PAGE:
Q: Should I save the tuberous begonia I planted last spring?
A: While you are planting bulbs in the ground this month, don’t forget the tender bulbs that need to be taken out of the garden and brought inside for the winter. Tender bulbs, such as caladiums, tuberous begonias, glades, tuberoses and dahlias need to be lifted after the foliage is killed by the early frost if they are going to be saved for next year. Do not let the bulbs freeze! Air dry the bulbs thoroughly, remove the dead foliage and pack the bulbs away in a frost-free, airy cellar, garage or closet. Bulbs can also be kept in mesh bags or in dry peat moss or vermiculite. Check them over during the winter to be sure there is no rot. Check also for rodent damage if there are mice in the house.
Why bother to save tender bulbs from year to year? Why not just replace them?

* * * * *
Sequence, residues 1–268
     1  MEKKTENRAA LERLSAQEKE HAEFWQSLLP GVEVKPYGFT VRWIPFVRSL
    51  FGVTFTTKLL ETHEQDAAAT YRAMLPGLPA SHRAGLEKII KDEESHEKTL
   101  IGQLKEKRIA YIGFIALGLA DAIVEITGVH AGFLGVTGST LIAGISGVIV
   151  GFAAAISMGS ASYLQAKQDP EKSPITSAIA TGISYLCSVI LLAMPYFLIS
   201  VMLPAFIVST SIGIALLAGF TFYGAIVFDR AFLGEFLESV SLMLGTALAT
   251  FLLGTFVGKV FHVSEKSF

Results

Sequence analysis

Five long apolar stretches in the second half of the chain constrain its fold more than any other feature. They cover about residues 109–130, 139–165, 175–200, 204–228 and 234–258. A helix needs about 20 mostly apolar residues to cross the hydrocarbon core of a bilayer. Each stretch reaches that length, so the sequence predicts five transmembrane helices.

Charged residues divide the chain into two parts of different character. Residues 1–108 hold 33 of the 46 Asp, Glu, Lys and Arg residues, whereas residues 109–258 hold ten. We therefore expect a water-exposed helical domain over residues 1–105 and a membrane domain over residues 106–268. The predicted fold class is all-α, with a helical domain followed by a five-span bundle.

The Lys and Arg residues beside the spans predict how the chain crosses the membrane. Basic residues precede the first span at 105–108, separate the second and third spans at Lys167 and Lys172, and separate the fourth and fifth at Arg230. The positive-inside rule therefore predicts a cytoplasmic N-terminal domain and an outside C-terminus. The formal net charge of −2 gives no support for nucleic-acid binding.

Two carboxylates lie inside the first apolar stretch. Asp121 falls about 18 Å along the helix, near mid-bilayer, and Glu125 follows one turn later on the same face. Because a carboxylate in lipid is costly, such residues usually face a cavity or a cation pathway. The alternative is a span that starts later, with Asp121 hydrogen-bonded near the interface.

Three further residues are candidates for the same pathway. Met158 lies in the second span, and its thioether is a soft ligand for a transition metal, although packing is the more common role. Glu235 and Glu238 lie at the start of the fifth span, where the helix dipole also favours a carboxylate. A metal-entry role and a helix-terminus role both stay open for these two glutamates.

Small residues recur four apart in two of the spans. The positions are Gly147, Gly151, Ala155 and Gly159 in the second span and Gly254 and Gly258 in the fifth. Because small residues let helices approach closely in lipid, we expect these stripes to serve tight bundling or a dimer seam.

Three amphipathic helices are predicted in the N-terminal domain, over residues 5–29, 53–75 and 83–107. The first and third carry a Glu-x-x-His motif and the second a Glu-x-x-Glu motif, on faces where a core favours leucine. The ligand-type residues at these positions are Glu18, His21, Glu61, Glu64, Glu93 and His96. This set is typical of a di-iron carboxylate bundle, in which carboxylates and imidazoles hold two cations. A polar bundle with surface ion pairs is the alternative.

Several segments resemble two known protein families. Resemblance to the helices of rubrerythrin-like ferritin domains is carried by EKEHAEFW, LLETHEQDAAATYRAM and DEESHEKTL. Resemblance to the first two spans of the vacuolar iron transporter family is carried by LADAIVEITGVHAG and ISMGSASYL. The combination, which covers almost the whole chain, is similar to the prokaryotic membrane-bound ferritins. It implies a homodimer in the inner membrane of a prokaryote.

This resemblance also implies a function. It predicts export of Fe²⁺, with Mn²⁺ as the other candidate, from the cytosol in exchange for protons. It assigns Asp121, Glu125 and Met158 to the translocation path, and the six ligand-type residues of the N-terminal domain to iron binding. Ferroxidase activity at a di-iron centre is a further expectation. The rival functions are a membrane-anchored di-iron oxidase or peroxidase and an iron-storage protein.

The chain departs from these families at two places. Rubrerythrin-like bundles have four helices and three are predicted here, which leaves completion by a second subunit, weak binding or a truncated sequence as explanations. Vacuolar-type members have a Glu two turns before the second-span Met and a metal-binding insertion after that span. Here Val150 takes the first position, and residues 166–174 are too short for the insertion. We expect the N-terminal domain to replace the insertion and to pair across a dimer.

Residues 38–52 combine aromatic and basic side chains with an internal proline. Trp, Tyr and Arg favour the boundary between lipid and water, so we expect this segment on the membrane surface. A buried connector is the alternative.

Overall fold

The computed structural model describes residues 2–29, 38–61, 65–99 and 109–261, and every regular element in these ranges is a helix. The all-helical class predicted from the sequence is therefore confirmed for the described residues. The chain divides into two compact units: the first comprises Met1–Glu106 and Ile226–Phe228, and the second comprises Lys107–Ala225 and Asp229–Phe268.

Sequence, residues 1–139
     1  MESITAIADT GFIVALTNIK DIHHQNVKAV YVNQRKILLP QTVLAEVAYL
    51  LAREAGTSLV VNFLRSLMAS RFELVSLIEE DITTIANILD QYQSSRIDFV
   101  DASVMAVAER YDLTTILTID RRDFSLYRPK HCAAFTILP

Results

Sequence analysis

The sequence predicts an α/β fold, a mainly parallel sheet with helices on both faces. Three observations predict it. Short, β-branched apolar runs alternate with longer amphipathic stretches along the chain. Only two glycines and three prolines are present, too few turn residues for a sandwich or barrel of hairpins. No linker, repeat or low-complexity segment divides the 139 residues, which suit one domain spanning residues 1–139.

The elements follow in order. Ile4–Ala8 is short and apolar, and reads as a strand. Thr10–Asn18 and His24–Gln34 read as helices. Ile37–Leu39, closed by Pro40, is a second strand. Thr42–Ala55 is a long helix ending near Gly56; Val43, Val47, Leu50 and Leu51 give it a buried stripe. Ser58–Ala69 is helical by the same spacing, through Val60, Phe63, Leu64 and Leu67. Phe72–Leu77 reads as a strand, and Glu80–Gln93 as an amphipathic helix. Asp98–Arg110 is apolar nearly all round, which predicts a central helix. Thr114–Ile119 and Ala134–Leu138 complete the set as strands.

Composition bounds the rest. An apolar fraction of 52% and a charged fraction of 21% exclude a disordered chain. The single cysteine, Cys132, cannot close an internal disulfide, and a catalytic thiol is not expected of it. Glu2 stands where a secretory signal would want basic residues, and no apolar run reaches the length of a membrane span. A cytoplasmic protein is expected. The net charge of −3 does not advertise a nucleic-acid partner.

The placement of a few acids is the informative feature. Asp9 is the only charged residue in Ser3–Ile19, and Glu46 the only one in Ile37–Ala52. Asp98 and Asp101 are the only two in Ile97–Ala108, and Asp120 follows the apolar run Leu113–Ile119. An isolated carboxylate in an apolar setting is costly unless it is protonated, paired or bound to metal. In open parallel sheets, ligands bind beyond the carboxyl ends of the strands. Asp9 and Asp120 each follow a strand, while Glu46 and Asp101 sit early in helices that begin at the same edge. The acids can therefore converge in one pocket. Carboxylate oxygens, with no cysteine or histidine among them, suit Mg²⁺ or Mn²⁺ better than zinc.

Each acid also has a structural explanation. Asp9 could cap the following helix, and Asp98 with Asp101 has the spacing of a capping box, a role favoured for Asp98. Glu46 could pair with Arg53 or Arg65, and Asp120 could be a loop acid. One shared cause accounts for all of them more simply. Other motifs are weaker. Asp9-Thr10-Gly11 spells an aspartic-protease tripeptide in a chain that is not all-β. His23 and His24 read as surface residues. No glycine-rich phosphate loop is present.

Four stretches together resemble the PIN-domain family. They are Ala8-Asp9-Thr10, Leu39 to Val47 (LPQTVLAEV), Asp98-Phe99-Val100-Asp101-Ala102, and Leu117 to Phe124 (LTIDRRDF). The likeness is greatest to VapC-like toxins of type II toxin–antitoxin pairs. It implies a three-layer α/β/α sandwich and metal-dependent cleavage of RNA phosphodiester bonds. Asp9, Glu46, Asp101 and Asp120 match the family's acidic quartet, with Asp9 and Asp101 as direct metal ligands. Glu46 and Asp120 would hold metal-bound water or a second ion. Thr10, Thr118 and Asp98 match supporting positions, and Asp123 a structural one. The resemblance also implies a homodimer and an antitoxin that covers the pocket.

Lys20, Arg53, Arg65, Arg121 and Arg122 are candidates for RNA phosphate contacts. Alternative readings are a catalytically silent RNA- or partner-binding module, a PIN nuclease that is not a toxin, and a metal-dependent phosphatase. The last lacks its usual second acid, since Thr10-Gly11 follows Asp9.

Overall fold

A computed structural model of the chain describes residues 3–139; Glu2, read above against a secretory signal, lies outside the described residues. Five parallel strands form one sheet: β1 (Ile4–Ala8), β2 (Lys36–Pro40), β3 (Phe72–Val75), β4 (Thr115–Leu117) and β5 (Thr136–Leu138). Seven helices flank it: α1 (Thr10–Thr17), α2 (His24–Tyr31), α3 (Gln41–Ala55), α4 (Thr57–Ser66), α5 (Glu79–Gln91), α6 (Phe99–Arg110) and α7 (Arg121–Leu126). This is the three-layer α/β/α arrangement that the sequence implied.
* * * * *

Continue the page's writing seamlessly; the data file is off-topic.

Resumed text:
Besides the cost saved by not replacing them, many bulbs grow larger and better with each season and will produce superior plants for you in the coming season. It’s worth the time, and it’s not much work to store them. But, please, do it before the foliage is completely gone and you can’t even locate or identify a treasured bulb.
Q: We’re planning to do a new vegetable garden next spring, and the space is really overrun with weeds. I’m trying to kill weeds using black plastic and, in my opinion, the cloth should be left over the area for probably three to four weeks, but my husband is saying two weeks is fine. We’re going through all this, and I want to do it right. Any opinion on the amount of time we should leave it on there?